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Marg. As you love me, give way.
that you in your present mood would wish.'
THE LAWS OF CANDY.
Act I. Speech of Jelitus :-
But in her ooly name, the proud Erota.
The poet intended no allusion to the word · Erota' itself ; but says that her very name, 'the proud Erota,' became a character and adage; as we say, a Quixote or a Brutus: so to say an · Erota,' expressed female pride and insolence of beauty.
Ib. Speech of Antinous:-
The poet doubtless wrote successry,' which, though not adopted in our language, would be, on many occasions, as here, a much more significant phrase than ancestry.
THE LITTLE FRENCH LAWYER.
Act I. sc. 1. Dinant's speech :
Are you become a patron too? 'Tis a new one,
Seward reads :
Are you become a patron too? How long
Hure you been cunning this speech? "Tis a new one, &c. If conjectural emendation, like this, be allowed, we might venture to read :
Are you become a patron to a new tune?
Are you become a patron? 'Tis a new tune.
Din. Thou wouldst not willingly
Cler. Words are hut words.
O miserable! Dinant sees through Cleremont's gravity, and the actor is to explain it. “Words are but words,' is the last struggle of atfected morality.
Act I. sc. 3.
Tis a real trial of charity to read this scene with
slavish-so reptile-are the feelings and sentiments represented as duties. And yet remember he was a bishop's son, and the duty to God was the supposed basis.
Personals, including body, house, home, and religion ;-property, subordination, and inter-community ;- these are the fundamentals of society. I mean here, religion negatively taken,- - so that the person be not compelled to do or utter, in relation of the soul to God, what would be, in that person, a lie;- such as to force a man to go to church, or to swear that he believes what he does not believe. Religion, positively taken, may be a great and useful privilege, but cannot be a right, — were it for this only that it cannot be pre-defined. The ground of this distinction between negative and positive religion, as a social right, is plain. No one of my fellow-citizens is encroached on by my not declaring to him what I believe respecting the super-sensual ; but should every man be entitled to preach against the preacher, who could hear any preacher ? Now it is different in respect of loyalty. There we have positive rights, but not negative rights ;-for every pretended negative would be in effect a positive;as if a soldier had a right to keep to himself, whether he would, or would not, fight. Now, no one of these fundamentals can be rightfully attacked, except when the guardian of it has abused it to subvert one or more of the rest. The reason is, that the guardian, as a fluent, is less than the permanent which he is to guard. He is the temporary and mutable mean, and derives his whole value from the end. In short, as robbery is not high treason, so neither is every unjust act of a king the con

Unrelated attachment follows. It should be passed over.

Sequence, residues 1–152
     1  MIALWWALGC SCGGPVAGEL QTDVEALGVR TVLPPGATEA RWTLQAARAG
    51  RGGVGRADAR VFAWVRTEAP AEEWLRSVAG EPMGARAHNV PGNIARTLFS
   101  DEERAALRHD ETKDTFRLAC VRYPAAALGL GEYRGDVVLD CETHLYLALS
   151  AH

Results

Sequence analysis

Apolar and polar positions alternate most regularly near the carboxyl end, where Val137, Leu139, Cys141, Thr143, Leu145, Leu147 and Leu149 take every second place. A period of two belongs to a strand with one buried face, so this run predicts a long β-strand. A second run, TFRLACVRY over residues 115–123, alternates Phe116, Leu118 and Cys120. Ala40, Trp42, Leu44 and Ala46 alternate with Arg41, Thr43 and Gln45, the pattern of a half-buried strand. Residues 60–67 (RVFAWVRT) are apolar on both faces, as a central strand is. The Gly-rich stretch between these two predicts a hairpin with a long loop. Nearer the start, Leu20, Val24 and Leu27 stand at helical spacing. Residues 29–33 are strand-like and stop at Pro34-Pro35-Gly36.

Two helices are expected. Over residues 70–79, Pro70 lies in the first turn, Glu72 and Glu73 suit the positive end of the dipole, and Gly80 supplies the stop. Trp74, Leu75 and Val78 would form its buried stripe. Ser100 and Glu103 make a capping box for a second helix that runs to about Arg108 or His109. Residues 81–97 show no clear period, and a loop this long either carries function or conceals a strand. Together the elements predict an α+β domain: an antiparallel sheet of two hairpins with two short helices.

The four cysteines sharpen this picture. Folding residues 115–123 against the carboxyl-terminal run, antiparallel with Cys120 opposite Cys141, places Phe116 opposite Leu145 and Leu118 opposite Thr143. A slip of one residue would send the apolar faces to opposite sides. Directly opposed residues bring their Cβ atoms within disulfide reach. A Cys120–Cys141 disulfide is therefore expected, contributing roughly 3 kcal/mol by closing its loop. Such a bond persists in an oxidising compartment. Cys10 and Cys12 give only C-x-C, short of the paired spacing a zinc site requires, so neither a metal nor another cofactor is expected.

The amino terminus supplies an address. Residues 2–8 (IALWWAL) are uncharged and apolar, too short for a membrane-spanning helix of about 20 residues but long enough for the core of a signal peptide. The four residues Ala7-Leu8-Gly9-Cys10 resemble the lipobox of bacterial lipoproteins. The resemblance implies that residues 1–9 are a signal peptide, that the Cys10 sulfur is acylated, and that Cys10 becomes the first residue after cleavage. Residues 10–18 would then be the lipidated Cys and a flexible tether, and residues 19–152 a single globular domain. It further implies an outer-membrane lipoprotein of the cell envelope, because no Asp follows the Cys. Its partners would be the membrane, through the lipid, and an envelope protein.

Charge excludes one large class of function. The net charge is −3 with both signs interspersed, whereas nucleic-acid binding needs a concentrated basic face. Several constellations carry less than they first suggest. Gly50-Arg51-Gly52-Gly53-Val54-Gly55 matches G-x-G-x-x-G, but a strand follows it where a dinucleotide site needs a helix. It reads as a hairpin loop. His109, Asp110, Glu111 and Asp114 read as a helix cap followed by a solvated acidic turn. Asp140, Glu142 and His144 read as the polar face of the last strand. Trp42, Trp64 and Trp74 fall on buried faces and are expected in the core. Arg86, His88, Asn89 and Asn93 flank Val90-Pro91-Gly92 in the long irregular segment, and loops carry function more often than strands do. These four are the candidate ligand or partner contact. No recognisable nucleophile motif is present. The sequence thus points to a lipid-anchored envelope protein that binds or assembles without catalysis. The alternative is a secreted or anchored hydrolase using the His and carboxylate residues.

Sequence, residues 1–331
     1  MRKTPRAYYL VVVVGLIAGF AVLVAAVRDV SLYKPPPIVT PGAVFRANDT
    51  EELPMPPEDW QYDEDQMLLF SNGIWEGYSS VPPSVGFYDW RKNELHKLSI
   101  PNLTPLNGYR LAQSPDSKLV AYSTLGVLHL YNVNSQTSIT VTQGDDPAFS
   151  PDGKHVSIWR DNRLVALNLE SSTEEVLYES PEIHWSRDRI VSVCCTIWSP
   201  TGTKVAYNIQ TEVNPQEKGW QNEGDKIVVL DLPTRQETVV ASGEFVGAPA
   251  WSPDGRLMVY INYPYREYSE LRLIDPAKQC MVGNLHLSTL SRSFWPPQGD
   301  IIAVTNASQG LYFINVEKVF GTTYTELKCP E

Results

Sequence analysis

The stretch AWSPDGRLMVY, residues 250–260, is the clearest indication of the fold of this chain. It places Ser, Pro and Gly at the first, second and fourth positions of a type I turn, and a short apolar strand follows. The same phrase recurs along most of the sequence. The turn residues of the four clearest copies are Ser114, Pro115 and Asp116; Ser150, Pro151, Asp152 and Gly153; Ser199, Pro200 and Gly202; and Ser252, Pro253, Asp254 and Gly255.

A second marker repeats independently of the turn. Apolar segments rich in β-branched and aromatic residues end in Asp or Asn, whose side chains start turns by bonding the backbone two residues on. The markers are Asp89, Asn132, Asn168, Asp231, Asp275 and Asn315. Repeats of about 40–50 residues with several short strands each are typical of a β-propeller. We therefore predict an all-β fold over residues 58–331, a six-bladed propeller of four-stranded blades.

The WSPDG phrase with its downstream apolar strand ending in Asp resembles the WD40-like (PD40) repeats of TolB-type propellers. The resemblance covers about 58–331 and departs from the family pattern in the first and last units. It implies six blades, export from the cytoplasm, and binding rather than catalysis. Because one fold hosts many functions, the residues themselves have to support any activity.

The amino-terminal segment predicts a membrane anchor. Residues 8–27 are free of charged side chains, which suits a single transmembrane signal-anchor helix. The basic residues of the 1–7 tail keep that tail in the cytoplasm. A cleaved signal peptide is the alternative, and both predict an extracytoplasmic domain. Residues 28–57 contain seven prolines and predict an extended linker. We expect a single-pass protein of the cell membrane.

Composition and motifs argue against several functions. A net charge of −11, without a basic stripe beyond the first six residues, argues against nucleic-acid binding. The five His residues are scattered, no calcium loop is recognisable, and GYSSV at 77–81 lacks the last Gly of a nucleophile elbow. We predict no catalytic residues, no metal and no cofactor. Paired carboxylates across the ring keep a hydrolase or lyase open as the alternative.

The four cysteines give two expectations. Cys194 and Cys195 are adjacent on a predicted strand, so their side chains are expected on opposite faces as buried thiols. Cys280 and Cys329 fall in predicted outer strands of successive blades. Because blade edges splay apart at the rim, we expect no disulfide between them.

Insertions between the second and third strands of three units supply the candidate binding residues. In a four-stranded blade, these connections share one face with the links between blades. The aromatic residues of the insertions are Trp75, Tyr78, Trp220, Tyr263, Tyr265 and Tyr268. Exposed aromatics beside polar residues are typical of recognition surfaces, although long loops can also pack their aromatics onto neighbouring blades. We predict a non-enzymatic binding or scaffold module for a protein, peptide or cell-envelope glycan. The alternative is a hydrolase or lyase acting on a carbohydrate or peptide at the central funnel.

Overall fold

All must be attacked and endangered. Why? Because the king, as a to A., is a mean to A. or subordination, in a far higher sense than a proprietor, as b. to B. is a mean to B. or property.
Act ii. sc. 2. Claudia's speech :
The whole of this speech seems corrupt; and if accurately printed,--that is, if the same in all the prior editions, irremediable but by bold conjecture. • Till my tackle,' should be, I think, while, &c.
Act iii. sc. 1. B. and F. always write as if virtue or goodness were a sort of talisman, or strange something, that might be lost without the least fault on the part of the owner. In short their chaste ladies value their chastity as a material thing,—not as an act or state of being; and this mere thing being imaginary, no wonder that all their women are represented with the minds of strumpets, except
a few irrational humorists, far less capable of exciting our sympathy than a Hindoo, who has had a bason of cow-broth thrown over him;- for this, though a debasing superstition, is still real, and we might pity the poor wretch, though we cannot help despising him. But B. and F.'s Lucinas are clumsy fictions. It is too plain that the authors had no one idea of chastity as a virtue, but only such a conception as a blind man might have of the power of seeing, by handling an ox's eye. In The Queen of Corinth, indeed, they talk differently; but it is all talk, and nothing is real in it but the dread of losing a reputation. Hence the frightful contrast between their women (even those who are meant for virtuous) and Shakspeare's. So, for instance, The Vaid in the Will: :- a woman inust not merely have grown old in brothels, but have chuckled over every abomination committed in them with a rampant sympathy of imagination, to have had her fancy so drunk with the minutive of lechery as this icy chaste virgin evinces hers to have been.
It would be worth while to note how many of these plays are founded on rapes, - how many on incestuous passions, and how many on mere lunacies. Then their virtuous women are either crazy superstitions of a merely bodily negation of having been acted on, or strumpets in their imaginations and wishes, or, as in this Maid in the Mill, both at the same time. In the men, the love is merely lust in one direction, -exclusive preference of one ob